Toulouse, often called the “Pink City” due to its terracotta buildings, is a great place to live, with a rich history and modern charm. Designated as a UNESCO World Heritage site, Toulouse combines the old-world charm of its city centre with the dynamic energy of a modern metropolis. Known for its aerospace industry and as a hub for technology, Toulouse offers job opportunities, excellent schools, and a pleasant Mediterranean climate.
The French capital, Paris, needs no introduction. Famous for the Eiffel Tower, its historic architecture, and a lot of art galleries. Paris is known as the city of love, city of light and a great place to live. Despite being a bustling metropolis, Paris offers neighbourhoods with a more relaxed atmosphere, providing a mix of city life and cultural richness. The city centre, with its iconic landmarks and charming old towns, attracts tourists and those seeking an ideal location to immerse themselves in French culture.
Known as the wine world’s capital, Bordeaux is an excellent city for wine enthusiasts and an ideal place to live. With low crime rates, good schools, and a burgeoning job market, Bordeaux is a popular destination for French locals and expatriates. The city’s proximity to the Atlantic Ocean and the beautiful countryside adds to its appeal, offering a high quality of life in a city that balances tradition and modernity.
La Rochelle, nestled along the Atlantic coast of France, is often regarded as a beautiful place for expats to call home. Its undeniable charm and high quality of life make it an attractive destination. The city boasts a rich history, well-preserved medieval architecture and a picturesque harbour. Expats living in La Rochelle can enjoy a laid-back lifestyle characterised by its mild climate, beautiful beaches, and vibrant cultural scene. The city offers a wide range of amenities, including excellent healthcare facilities, top-notch schools, and various recreational activities. La Rochelle’s strong sense of community and welcoming atmosphere make it an ideal place for expats to settle and immerse themselves in French culture.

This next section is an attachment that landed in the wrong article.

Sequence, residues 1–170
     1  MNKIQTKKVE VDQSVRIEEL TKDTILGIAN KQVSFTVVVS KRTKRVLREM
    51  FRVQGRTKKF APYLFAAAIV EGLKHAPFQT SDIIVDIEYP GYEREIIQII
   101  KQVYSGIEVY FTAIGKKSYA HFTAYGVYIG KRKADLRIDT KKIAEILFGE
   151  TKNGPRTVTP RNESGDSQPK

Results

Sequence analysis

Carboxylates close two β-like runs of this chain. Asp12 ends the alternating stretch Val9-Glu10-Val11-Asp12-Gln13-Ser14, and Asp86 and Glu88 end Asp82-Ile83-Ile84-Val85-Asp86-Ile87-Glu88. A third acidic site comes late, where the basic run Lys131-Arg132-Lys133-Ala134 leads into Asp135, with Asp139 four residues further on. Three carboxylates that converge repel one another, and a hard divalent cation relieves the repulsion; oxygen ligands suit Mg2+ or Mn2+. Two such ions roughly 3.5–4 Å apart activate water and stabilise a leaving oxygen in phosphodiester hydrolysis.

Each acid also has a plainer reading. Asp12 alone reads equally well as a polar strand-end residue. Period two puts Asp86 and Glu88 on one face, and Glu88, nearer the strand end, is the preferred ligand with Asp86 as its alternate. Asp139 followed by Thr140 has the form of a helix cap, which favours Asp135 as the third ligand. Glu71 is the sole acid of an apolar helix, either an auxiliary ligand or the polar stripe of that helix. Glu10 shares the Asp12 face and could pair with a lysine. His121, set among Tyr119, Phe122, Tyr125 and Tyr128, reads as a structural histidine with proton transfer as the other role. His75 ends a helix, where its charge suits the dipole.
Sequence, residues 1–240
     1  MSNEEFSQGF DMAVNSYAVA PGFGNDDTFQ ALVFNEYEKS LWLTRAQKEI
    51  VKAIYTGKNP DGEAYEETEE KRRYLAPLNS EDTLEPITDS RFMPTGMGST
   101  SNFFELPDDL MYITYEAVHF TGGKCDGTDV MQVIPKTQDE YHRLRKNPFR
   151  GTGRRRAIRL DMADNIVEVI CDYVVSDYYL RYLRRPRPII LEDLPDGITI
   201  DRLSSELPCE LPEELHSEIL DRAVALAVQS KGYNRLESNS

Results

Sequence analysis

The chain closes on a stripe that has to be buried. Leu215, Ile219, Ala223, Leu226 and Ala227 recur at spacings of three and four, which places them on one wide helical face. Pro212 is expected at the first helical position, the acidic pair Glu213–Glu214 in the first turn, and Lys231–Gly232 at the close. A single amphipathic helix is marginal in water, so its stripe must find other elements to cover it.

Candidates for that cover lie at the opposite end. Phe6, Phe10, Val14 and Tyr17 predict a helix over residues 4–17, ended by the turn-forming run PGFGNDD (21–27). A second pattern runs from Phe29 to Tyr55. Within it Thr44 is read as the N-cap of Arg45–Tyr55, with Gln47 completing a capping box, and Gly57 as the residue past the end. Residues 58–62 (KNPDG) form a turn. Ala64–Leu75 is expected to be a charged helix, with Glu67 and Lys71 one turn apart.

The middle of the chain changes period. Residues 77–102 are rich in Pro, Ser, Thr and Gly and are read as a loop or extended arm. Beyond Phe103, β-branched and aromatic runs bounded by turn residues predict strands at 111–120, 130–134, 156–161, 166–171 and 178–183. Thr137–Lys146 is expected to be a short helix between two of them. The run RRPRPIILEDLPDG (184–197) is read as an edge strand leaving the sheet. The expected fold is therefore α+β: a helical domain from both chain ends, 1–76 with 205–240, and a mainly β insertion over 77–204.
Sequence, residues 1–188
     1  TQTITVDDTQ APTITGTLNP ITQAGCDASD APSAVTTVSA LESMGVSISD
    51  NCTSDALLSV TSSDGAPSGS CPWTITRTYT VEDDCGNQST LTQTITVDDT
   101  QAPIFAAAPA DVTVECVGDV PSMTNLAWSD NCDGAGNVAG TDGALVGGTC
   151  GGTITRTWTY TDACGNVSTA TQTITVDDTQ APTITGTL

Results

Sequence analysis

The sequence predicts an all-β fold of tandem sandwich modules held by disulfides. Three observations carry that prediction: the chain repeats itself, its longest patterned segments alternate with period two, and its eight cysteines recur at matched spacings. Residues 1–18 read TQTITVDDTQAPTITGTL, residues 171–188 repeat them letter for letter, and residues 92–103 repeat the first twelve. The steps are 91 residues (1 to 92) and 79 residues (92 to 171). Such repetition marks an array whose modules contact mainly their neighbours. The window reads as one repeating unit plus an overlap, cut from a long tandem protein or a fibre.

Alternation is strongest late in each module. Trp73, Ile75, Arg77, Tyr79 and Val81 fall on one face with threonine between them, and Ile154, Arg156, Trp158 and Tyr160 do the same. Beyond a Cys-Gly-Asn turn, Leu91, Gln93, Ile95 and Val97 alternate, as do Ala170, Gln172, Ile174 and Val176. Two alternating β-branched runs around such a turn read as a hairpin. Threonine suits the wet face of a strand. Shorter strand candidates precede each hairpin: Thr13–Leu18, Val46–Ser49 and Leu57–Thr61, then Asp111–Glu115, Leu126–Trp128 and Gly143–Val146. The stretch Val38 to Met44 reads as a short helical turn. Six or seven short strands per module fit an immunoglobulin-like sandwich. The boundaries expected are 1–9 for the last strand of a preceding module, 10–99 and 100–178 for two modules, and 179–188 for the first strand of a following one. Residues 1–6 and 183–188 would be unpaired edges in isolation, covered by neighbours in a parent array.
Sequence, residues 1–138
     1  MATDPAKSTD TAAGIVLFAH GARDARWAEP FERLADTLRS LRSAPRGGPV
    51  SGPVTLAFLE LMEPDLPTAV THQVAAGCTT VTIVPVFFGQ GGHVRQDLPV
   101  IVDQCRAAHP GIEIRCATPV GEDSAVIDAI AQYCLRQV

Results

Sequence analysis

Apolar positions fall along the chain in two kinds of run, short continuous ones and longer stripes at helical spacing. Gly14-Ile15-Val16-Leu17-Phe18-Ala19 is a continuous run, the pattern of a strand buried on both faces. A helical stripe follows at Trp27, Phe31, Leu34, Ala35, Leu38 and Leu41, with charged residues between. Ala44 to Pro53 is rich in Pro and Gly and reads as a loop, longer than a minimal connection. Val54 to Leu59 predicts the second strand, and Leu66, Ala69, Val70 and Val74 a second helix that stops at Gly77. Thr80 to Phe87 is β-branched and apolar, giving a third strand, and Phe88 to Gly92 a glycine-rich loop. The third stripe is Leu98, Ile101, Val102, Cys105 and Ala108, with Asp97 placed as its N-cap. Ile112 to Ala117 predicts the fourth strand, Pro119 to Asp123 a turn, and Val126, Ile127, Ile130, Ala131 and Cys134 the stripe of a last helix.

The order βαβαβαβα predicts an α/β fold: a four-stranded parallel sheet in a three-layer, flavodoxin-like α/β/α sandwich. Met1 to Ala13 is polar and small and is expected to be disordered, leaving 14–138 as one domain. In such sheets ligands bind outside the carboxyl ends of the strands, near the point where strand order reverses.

Lyon, a city renowned for its culinary delights, stands out as a perfect place to live for food enthusiasts. The city of Lyon is the third-largest in France and has a rich history, world-class museums, and a vibrant city centre. The cost of living is reasonable, and the city offers a mix of big-city amenities and the charm of smaller villages. The proximity to the French Alps and the Swiss border provides opportunities for outdoor activities, making Lyon an ideal location for those seeking cultural and recreational experiences.